Emotional Intelligence in the Workplace

Updated: Mar 31

Emotional intelligence is vital in all aspects of life – at home with our families, in relationships with friends, and also in the workplace with our coworkers. Emotional intelligence is defined as a person's ability to recognize, understand, manage, and reason with emotions. It is a critical ability when it comes to interpersonal communication—and a hot topic not only in psychology but in the business world.


Research published in the American Journal of Pharmaceutical Education has proven that a strong propensity in emotional intelligence increases one’s ability to make sound decisions, build and sustain collaborative relationships, deal effectively with stress, and cope to a greater degree with constant change. It enables an individual not only to perform well in the workplace but also in accomplishing various other goals and objectives in his or her life.



Emotional Intelligence Within Different Job Titles

When it comes to emotional intelligence, it doesn’t matter what your job title is. Everyone in the office, from the CEO to the newest hire, should have the depth to contribute emotional intelligence to any situation. Emotional intelligence is essential to conflict management in the workplace, which means having the ability to help others through tense situations and having the skills to tactfully get through disagreements. Communication in the workplace is a door to making people feel seen and heard, which will make them more likely to compromise. Those who take time to understand different perspectives in the workplace assist in creating a middle ground for disagreements.


“When dealing with people, remember you are not dealing with creatures of logic, but with creatures of emotion." - Dale Carnegie

The Five Elements of Emotional Intelligence

According to Daniel Goleman, an American psychologist and author of the groundbreaking book, “Emotional Intelligence,” there are five key elements that help us attain a higher level of emotional intelligence.


1. Self-Awareness


Being able to recognize and understand your own emotions is a critical part of emotional intelligence. Being self-aware also means understanding the effects of your actions on those around you. To maintain self-awareness in the workplace, you must monitor your own emotions and recognize the relationships between what you feel and how you behave.


2. Self-Regulation


Self-regulating your emotions does not mean keeping them locked down but instead waiting for the right time and place to express them. Someone with emotional intelligence knows that not every emotion is appropriate to show at any given moment. Being flexible and adapting to the situation comes in handy when managing conflict in the workplace.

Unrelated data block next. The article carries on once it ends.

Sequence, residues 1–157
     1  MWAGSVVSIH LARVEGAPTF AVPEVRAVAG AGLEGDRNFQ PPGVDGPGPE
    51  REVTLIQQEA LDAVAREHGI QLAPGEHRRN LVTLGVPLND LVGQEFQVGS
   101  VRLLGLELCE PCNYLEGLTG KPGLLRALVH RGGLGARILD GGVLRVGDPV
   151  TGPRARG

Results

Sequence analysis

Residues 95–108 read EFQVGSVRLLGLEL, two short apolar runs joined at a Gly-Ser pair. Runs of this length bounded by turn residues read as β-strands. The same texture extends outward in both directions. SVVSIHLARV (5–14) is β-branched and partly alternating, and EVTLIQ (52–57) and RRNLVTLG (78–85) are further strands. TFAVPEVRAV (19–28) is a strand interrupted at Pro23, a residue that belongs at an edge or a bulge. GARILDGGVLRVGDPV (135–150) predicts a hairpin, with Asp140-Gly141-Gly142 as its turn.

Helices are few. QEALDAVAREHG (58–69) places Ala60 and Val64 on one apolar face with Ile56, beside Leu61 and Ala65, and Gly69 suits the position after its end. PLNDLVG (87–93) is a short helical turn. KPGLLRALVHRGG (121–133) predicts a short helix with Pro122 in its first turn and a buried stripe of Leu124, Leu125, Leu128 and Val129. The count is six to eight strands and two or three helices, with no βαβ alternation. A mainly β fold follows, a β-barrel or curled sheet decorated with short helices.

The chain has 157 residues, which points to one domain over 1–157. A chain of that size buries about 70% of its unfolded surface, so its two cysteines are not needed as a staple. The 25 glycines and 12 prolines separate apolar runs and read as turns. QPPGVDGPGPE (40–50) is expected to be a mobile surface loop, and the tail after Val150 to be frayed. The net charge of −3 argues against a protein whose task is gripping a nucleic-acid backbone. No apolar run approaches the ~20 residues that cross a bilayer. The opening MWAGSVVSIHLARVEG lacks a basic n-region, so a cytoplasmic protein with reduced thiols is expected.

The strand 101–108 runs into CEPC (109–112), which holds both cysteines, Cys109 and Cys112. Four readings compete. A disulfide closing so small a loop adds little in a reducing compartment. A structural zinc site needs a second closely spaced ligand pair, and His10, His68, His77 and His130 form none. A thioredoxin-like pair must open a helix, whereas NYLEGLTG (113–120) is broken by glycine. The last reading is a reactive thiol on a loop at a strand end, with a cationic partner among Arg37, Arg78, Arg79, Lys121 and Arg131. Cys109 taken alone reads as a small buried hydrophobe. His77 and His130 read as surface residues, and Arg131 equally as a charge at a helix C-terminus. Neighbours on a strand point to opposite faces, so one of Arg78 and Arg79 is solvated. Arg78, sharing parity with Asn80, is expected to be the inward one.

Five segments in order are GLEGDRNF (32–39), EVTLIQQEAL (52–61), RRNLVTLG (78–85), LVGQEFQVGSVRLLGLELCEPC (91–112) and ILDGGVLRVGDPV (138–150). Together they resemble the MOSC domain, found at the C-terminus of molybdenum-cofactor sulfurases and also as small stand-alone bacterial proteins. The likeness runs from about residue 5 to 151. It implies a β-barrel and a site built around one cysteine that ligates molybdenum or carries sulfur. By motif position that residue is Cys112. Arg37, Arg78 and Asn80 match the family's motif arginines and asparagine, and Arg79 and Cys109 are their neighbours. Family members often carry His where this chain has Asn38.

3. Motivation


Emotionally intelligent people are not motivated by materialistic ideals, but by their own inner needs and goals. Their internal rewards are a higher priority than external, society-driven needs. Being at peace within an experience and aiming to pursue dreams are deeply valued to those who are emotionally intelligent.


4. Empathy


Empathy and emotional intelligence go hand-in-hand. But being empathetic is much more than simply recognizing how others feel – it is monitoring your responses when someone is feeling depressed or disheartened. Someone with emotional intelligence will know when to treat others with a little extra care and concern.


5. Social Skills


Interacting well with others is another important aspect of emotional intelligence. In professional settings, everyone benefits by forming connections with each other. It is easier to get the work done when everyone feels comfortable collaborating. Important social skills include active listening, verbal communication skills, nonverbal communication skills, leadership, and persuasiveness.


How You Can Be Emotionally Intelligent at Work

No matter what field you work in, you can always bring a higher level of emotional intelligence to the office. You can start by noticing your own emotions and checking on those around you. Be aware of high-stress situations and prepare for them, like important meetings, presentations, and check-ins with your boss. If everyone works together with emotional intelligence in mind, the workplace will be a place of positivity and growth.

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